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Merthyr Tydfil (; Welsh: Merthyr Tudful pronounced [\u02c8m\u025br\u03b8\u026ar \u02c8t\u026adv\u026al] ) is the main town in Merthyr Tydfil County Borough, Wales, administered by Merthyr Tydfil County Borough Council. It is about 23 miles (37 km) north of Cardiff.
Often called just Merthyr, it is said to be named after Tydfil, daughter of King Brychan of Brycheiniog, who according to legend was slain at Merthyr by pagans about 480 CE.
Merthyr generally means \"martyr\" in modern Welsh, but here closer to the Latin martyrium: a place of worship built over a martyr's relics.
Similar place names in south Wales are Merthyr Cynog, Merthyr Dyfan and Merthyr Mawr.Noted for its industrial past, Merthyr was known as the 'Iron Capital of the World' in the early 19th century, due to the scale of its iron production.
The worlds first ever railway journey happened in Merthyr in 1804, travelling 9 miles from the ironworks at Penydarren to the Glamorganshire Canal on the Merthyr Tramroad.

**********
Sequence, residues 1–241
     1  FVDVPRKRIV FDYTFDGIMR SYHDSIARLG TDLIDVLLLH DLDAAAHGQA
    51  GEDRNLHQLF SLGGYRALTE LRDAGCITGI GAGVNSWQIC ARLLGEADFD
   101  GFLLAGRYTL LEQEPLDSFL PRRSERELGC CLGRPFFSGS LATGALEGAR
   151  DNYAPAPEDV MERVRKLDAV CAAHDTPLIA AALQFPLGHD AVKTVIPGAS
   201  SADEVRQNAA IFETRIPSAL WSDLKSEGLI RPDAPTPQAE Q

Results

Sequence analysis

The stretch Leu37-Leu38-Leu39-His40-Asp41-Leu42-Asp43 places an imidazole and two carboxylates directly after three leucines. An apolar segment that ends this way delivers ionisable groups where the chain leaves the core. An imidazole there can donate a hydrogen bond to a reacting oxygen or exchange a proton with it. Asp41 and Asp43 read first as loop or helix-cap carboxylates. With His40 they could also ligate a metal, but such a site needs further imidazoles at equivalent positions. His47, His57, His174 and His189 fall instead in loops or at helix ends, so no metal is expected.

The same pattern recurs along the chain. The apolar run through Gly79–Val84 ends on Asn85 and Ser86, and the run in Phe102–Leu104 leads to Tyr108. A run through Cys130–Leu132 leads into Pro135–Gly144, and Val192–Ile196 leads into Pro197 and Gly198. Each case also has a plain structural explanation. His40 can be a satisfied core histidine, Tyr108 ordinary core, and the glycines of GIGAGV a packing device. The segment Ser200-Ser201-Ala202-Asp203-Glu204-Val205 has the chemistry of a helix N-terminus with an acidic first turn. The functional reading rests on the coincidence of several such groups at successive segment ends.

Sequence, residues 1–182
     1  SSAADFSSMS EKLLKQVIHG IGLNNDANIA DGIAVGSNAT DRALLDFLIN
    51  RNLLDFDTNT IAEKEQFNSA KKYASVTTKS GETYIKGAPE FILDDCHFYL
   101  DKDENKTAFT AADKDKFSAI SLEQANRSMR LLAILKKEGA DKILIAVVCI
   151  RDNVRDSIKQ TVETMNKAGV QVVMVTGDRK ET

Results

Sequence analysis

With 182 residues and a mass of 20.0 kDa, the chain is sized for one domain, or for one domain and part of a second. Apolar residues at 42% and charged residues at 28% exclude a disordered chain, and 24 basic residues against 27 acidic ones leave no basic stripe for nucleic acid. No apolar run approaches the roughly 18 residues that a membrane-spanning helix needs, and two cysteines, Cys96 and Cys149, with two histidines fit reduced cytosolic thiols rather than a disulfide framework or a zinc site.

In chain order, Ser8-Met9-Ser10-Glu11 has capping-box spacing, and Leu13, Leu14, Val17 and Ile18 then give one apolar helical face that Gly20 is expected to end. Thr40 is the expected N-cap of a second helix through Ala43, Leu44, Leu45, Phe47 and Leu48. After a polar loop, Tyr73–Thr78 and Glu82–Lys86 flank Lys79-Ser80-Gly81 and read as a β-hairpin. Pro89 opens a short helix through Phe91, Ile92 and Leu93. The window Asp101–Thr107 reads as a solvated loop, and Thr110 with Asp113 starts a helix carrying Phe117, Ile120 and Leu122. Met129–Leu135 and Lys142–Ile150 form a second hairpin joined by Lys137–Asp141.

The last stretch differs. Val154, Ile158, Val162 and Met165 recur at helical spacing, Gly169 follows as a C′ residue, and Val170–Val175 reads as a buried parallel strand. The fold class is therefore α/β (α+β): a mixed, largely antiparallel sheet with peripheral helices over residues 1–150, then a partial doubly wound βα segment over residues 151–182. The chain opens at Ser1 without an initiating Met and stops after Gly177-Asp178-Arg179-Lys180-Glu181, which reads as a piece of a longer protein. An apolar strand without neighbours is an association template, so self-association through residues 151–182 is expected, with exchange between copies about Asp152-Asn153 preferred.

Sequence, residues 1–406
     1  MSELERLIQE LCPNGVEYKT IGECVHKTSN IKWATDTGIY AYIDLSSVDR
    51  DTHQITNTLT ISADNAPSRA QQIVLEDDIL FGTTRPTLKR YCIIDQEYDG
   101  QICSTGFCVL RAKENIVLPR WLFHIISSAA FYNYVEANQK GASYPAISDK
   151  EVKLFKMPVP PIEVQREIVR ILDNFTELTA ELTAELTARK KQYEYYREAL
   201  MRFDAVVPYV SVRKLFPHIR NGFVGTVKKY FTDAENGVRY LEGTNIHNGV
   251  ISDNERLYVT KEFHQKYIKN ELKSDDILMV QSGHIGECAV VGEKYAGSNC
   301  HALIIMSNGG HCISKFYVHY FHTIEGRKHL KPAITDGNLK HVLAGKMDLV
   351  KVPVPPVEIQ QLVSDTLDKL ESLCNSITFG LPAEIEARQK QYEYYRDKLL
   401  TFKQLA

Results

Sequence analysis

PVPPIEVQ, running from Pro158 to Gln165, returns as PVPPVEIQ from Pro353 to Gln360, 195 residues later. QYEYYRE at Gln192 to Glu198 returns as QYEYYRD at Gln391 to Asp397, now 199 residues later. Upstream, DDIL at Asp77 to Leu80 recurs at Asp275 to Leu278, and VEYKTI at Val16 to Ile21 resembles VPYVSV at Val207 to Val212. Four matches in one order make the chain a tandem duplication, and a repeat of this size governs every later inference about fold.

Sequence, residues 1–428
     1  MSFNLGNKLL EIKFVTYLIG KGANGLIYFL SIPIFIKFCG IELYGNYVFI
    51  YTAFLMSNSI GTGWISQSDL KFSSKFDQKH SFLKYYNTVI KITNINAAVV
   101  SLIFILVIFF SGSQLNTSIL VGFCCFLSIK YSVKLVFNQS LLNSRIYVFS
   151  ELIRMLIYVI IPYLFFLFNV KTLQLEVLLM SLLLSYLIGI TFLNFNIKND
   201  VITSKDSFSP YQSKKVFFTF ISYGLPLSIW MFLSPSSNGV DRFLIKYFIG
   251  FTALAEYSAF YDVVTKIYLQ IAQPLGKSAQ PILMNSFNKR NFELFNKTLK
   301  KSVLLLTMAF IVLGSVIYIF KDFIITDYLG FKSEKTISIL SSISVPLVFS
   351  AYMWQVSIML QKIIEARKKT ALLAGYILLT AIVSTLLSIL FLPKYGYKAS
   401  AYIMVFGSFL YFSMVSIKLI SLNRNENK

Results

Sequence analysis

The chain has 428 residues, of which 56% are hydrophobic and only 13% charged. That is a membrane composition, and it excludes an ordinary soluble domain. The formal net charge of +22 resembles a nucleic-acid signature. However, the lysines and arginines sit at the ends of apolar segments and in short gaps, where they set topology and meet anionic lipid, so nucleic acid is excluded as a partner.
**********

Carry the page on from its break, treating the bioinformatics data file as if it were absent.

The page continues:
The 1851 census found Wales to be the world's first industrialised nation, as more people were employed in industry than agriculture, with Merthyr the biggest town in Wales at that time.
The Ukrainian City of Donetsk, originally 'Hughesovka', was founded by John Hughes of Merthyr in 1870, when he took iron working to the area.
Iron production declined in Merthyr from 1860 on, though Merthyr's population continued to rise due to the emergence of coal mining in the area, peaking with around 81,000 people in 1911.The area is currently known for its industrial heritage and adventure tourism.
Merthyr and the surrounding areas boast the Grade-I listed Cyfarthfa Castle, the world\u2019s fastest seated zip line, the UK's largest mountain bike park, the largest indoor climbing wall in Wales, national cycle routes and plans for the UK's longest indoor ski slope."}}}}
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